One of the most wonderful things about Kiseki No Hoshi is the way the exhibition space, the planting scheme of which is changed 7 times a year, is used as a venue for music, art and drama. Sure, we also hold such events in National Trust gardens back home in the UK, but where at, say Chartwell, where I worked before beginning the Triad, an opera might be staged beside the beautiful lake on a balmy summer evening, at Kiseki No Hoshi the chosen opera would perfectly complement and reflect the surrounding planting. A tropical planting scheme might play host to a belly dancing performance, while a magical Christmas scene would be brought to life by the silken arias of German Opera.
This Saturday was of course Valentine’s Day and to celebrate Kiseki No Hoshi held a Valentine’s Day Evening Dinner concert. I couldn’t resist the opportunity to join in the fun and to see the museum brought to life by a little classical music and fine dining.
Interestingly, while Valentine’s Day is celebrated over here in Japan just as much as it is in the US and UK, in Japan only women give gifts on February 14th. These are usually in the form of chocolates and are given to all of the important men in a woman’s life, with Honmei-choco, or ‘true feeling chocolate’ given to the truly important man (or men) in her life and Giri-choco, or ‘obligation chocolate’, reserved for male colleagues and the like. Men give their own gifts to women one month later, on White Day.
Anyway, back to the subject of today’s blog…
Kiseki No Hoshi’s Valentine’s Day Dinner Concert took place in the beautifully lit Exhibition Room, currently featuring an Orchid planting scheme…
Before the concert Tomoko sensei took the guests on a guided tour of the museum…
I was fortunate to see some of mine and Phil’s work illuminated at night. Here is a sneaky peak at the vertical garden and ballerina dress which you will be able to read more about in my next blog.
After the tour it was time for the concert – Reiko Tachibana playing an exquisite programme on the violin, accompanied by Kiyomi Uebayashi on the piano. This was our programme:-
Liebesfreud, Fritz Kreisler
Liebesleid, Fritz Kreisler
Greensleeves, arr. Kenji Kanemasu
Tambour in Chinois, Fritz Kreisler
Salut d’amour, Edward Elgar
Meditation de “Thaïs”
Hungarian Dance No. 6, Johannes Brahms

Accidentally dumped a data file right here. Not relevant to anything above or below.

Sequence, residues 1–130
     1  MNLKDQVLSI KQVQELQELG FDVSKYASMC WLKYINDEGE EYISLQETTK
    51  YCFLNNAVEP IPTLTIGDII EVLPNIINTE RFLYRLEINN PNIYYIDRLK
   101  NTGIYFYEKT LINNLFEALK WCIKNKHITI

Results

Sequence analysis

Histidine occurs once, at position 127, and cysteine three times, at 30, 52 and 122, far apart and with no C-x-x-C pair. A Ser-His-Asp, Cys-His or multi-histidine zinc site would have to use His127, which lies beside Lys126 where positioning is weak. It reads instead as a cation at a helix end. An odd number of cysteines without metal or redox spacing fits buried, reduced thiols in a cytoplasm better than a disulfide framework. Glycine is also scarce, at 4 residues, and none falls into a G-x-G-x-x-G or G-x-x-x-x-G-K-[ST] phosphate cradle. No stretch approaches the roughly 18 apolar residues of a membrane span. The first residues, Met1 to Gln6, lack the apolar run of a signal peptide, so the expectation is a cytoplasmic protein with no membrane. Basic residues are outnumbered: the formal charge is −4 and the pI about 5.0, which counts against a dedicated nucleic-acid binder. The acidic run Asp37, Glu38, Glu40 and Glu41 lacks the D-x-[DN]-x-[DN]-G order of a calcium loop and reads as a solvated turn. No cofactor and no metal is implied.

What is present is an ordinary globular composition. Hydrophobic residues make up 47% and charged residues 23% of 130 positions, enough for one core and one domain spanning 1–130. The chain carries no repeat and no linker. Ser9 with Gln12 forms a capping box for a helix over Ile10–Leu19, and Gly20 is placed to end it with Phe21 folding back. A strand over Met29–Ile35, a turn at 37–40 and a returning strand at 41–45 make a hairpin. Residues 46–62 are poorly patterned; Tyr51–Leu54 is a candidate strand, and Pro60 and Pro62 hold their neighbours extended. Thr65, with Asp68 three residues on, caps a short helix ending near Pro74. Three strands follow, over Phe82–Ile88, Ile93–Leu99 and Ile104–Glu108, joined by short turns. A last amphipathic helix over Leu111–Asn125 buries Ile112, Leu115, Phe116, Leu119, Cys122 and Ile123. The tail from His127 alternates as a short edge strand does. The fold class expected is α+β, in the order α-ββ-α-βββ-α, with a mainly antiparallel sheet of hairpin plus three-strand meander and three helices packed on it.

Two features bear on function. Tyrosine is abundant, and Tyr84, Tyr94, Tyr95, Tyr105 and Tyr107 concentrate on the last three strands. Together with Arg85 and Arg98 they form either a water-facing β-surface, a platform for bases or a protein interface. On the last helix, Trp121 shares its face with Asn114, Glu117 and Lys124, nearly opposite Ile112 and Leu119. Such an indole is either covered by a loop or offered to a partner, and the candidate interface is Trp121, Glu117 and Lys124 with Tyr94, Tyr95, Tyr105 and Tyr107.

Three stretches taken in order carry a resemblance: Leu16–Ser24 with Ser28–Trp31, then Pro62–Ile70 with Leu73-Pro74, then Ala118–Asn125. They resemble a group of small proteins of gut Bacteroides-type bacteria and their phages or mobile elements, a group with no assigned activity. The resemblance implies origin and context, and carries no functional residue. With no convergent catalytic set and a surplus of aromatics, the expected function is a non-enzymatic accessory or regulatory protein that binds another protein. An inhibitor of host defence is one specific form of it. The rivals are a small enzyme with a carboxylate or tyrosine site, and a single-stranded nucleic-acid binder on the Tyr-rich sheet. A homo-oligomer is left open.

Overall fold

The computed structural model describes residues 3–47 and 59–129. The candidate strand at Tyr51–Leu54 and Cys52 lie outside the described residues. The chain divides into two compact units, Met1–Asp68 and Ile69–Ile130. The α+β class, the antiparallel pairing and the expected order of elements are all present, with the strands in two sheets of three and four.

Cantabile, Nicolo Paganini
Danse Espagnole de “La vida breve”, Manuel de Falla / arr. Fritz Kreisler
Libertango, Astor Piazzolla
Londonderry Air, Old Irish Song / arr. Fritz Kreisler
The concert was wonderful and Reiko Tachibana’s beautiful violin playing was a perfect fit for the orchid display in the Exhibition Room. It was good to see a bit of English on the menu too in the form of good old ‘Greensleeves’.
Talking of menus, tonight’s dinner was a rather fabulous six-course affair prepared by Toru Ikeno, the executive chef of the Westin Hotel which is Kiseki No Hoshi’s neighbour at Awaji Yumebutai. French food is by all accounts extremely popular in Japan right now (I’ve been taken to no less than three French establishments so far in Japan) and it seems that many chefs consider French and Japanese cuisines a perfect fusion. Mori-san tells me that Michelin-starred French chefs are very interested in Japanese sake for use in cooking traditional French recipes.
If tonight’s dinner is anything to go by then French-Japanese fusion cuisine definitely gets my vote! I couldn’t resist photographing the beautifully presented dishes as they were set in front of me on the table. Take a look at our menu…
Poisson et Oursin Amouse à la Célébration “ROUSE”
Sauter de Foie-gras “MISO” Sauce de cédrat
Vapeur de Awajishima Poisson Pêche et Ormeau Frit, Bulle d’Agrumes et Sauce de Persil
Filet de Boeuf Grille Sauce Japonais
Delicious! Especially the fourth course – a perfectly cooked (rare to medium rare) fillet of Awaji beef. I think the phrase ‘cuts like butter’ was made for that beef fillet.
The dinner also answered one of the niggling little questions I have had in the back of my mind – when setting a formal dinner table in Japan with all its layers of shiny silver cutlery, where does one put the chopsticks? Answer – in front of plate of course!
When saying (and bowing) my goodbyes at the end of the evening I was invited to have my photograph taken with Kiyomi Uebayashi and Reiko Tachibana, the latter of whose father, Tsuyoshi Tachibana, I had chatted to at the beginning of the evening. What a privilege, even if the photos do make me look somewhat like a giantess!
Oh, and here’s me with the lovely Tomoyo-san who is an endless source of help for Phil and I at Kiseki No Hoshi!